Spiti Valley via Shimla, Kalpa, Sangla
Drive through one of the most beautiful picture-perfect roads in the world while halting along in dreamy mountain villages. This Spiti Valley tour from Shimla goes through Kalpa of the Kinnaur Valley and finally enters Spiti through the village of Nako. Explore ancient thousand-year-old monasteries, ride a Yak, live in authentic homestays and spend time in some of the highest villages of Asia. Dubbed as “The world’s most treacherous road”, this Hindustan-Tibet highway is a visual masterpiece. Don’t let that misnomer frighten you because, despite its hairpin curves and steep drops, this road has been safely ferrying travelers since the 1850s.
Watch time stand still as you gaze into crystal clear blue skies, pristine turquoise rivers nestled between snow-capped peaks and a never-ending expanse of barren mountains. Sounds enticing, doesn’t it?
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Vacation Style Holiday Type
Snow & Ice
Activity Level Fairly Easy
Group Size Medium Group
In the months of April and May, before the Manali – Kaza Highway opens Spiti Valley to a busy, bustling world, there is a fantastic opportunity to explore Spiti Valley at its tranquil and peaceful best through the Hindustan – Tibet Highway starting from Shimla. Of the two roads to the stunning Spiti Valley, One, via Manali opens after mid-May and the other via Shimla – which is also called the Hindustan – Tibet Highway. While the rest of the country is baking in the smoldering summers, the high altitude mountains of the Spiti Valley are usually still drenched in snow. This Spiti Valley tour for seven days is perfect for you if you want a break from the heat, and only have time in months of April and May.
Best Season – April to October
HIGHLIGHTS OF THIS SPITI VALLEY TOUR
- Travel by a comfortable car – Toyota Innova for all 7 days.
- Drive through the Hindustan-Tibet Highway – Known as one of the world’s most treacherous road.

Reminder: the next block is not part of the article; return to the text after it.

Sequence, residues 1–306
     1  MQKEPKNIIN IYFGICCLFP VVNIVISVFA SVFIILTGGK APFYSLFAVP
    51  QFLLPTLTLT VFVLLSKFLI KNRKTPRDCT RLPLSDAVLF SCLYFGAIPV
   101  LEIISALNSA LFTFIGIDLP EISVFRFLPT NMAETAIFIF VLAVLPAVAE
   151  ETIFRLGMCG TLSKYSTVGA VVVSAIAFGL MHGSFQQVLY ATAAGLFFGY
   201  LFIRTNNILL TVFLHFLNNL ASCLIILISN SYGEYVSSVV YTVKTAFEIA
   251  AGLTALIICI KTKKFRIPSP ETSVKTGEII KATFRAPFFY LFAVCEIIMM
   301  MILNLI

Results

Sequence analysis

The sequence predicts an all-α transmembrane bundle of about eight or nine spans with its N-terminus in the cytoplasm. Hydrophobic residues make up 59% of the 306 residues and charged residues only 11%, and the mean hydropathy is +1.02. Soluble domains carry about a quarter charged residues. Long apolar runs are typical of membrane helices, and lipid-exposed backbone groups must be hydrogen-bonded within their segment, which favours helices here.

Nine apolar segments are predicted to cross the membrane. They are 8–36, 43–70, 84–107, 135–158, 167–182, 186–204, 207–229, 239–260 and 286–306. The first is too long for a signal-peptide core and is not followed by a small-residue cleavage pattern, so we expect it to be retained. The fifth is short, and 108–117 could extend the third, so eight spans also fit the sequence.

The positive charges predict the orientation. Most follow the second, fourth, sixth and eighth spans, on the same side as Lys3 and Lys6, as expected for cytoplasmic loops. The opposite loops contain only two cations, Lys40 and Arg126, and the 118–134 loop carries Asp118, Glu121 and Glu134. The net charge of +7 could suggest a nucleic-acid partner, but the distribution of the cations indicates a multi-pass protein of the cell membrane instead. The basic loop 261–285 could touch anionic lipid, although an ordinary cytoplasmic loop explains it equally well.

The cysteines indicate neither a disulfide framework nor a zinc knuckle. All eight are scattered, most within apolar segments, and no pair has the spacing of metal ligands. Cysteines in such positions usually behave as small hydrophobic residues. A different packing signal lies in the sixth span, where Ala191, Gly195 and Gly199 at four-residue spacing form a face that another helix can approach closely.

- Explore the beautiful Pin Valley
- Visit the 1000 year old UNESCO World Heritage Site – Tabo Monastery and the Ki Monastery
- Visit Asia’s Highest Himalayan Villages – Komik and Kibber
Customization and Group Booking
This Tour can be customized to suit your Travel need and requirements. If youre a Group of more than 6 Travellers – we can offer you a Discounted price.
- Delhi-Shimla Transfer By Volvo bus
- Accommodation on double sharing basis at a comfortable hotel in Kaza / Rangrik and Kalpa.
- Accommodation in Tabo will be in a hotel / homestay.
- Breakfast and Dinner at all places.
- All transfers by a comfortable non-AC Innova/Similar from Day 1 to Day7.
- Driver charges, fuel, all applicable toll
- Monastery Fees
- Service Tax of 4.5%
- Lunch / Any meals in Shimla.
- Guide and Permits
- Any additional costs incurred in case of a medical emergency / natural disaster / breakdown of vehicle / acts of God.
- Anything not mentioned in the “What’s Included” section.
Delhi - Shimla
Meet the Group at the Designated pickup point. Board Bus for transfer to Shimla. Reach Shimla by evening and checkin at Hotel. Overnight at Shimla Hotel
Shimla - Kalpa. Overnight at Kalpa Hotel (9711 feet / 9 – 10 hours)
On the second day of this Spiti Valley Tour, from Shimla, we drive through Narkandha and head towards the apple-orchard dotted town of Kalpa. Foreigners entering Spiti Valley through this route need a permit which can be obtained through a quick twenty-minute procedure in Reckong Peo from Monday to Saturday.
After a 7 kilometer winding road though pine forests, Kalpa is a splendid gem. According to legends, this is the winter abode of Lord Shiva. With the majestic views of the Kinner Kailash and Jordon Peaks, this enthralling village has spectacular sunrises with the crimson sunlight glowing on the snow-capped peaks. 3 kilometers away from Kalpa at Kothi, is a temple dedicated to the goddess Chanadika. An exquisite image of the goddess is enshrined in this sanctum.
Overnight at a hotel in Kalpa.
Kalpa – Nako – Tabo. Overnight at Tabo Hotel / Tabo Homestay. (12,000 feet / 7 – 8 hours)
On the third day of this Spiti Valley tour, from Kalpa, we continue driving on the famous Hindustan – Tibet Highway or the NH 22 – This stretch famously known as one of “most treacherous roads of the world” by the ‘Lonely Planet’ in a visual spectacle. Don’t let that little piece of information deter you because your local drivers are highly skilled and experienced while driving on these roads. As you begin embracing the jaw-dropping views watch the mountains change their colours from the lush greens of the Kinnaur valley to the many hues of brown.